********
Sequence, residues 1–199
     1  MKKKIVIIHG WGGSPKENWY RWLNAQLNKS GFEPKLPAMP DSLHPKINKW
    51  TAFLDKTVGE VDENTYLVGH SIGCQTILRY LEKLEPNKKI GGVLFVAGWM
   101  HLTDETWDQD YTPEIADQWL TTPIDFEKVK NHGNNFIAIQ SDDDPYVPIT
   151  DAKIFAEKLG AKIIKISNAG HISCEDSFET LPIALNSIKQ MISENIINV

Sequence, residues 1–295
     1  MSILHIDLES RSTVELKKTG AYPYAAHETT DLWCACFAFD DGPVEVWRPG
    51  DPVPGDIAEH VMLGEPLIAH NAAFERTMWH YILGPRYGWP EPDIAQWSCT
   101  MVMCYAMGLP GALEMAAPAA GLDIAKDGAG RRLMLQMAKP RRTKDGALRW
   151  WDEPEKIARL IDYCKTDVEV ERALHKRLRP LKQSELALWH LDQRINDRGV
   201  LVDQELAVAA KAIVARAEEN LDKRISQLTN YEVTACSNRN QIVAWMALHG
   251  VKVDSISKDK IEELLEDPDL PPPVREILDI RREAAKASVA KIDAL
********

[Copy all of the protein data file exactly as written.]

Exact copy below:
Sequence, residues 1–199
     1  MKKKIVIIHG WGGSPKENWY RWLNAQLNKS GFEPKLPAMP DSLHPKINKW
    51  TAFLDKTVGE VDENTYLVGH SIGCQTILRY LEKLEPNKKI GGVLFVAGWM
   101  HLTDETWDQD YTPEIADQWL TTPIDFEKVK NHGNNFIAIQ SDDDPYVPIT
   151  DAKIFAEKLG AKIIKISNAG HISCEDSFET LPIALNSIKQ MISENIINV

Sequence, residues 1–295
     1  MSILHIDLES RSTVELKKTG AYPYAAHETT DLWCACFAFD DGPVEVWRPG
    51  DPVPGDIAEH VMLGEPLIAH NAAFERTMWH YILGPRYGWP EPDIAQWSCT
   101  MVMCYAMGLP GALEMAAPAA GLDIAKDGAG RRLMLQMAKP RRTKDGALRW
   151  WDEPEKIARL IDYCKTDVEV ERALHKRLRP LKQSELALWH LDQRINDRGV
   201  LVDQELAVAA KAIVARAEEN LDKRISQLTN YEVTACSNRN QIVAWMALHG
   251  VKVDSISKDK IEELLEDPDL PPPVREILDI RREAAKASVA KIDAL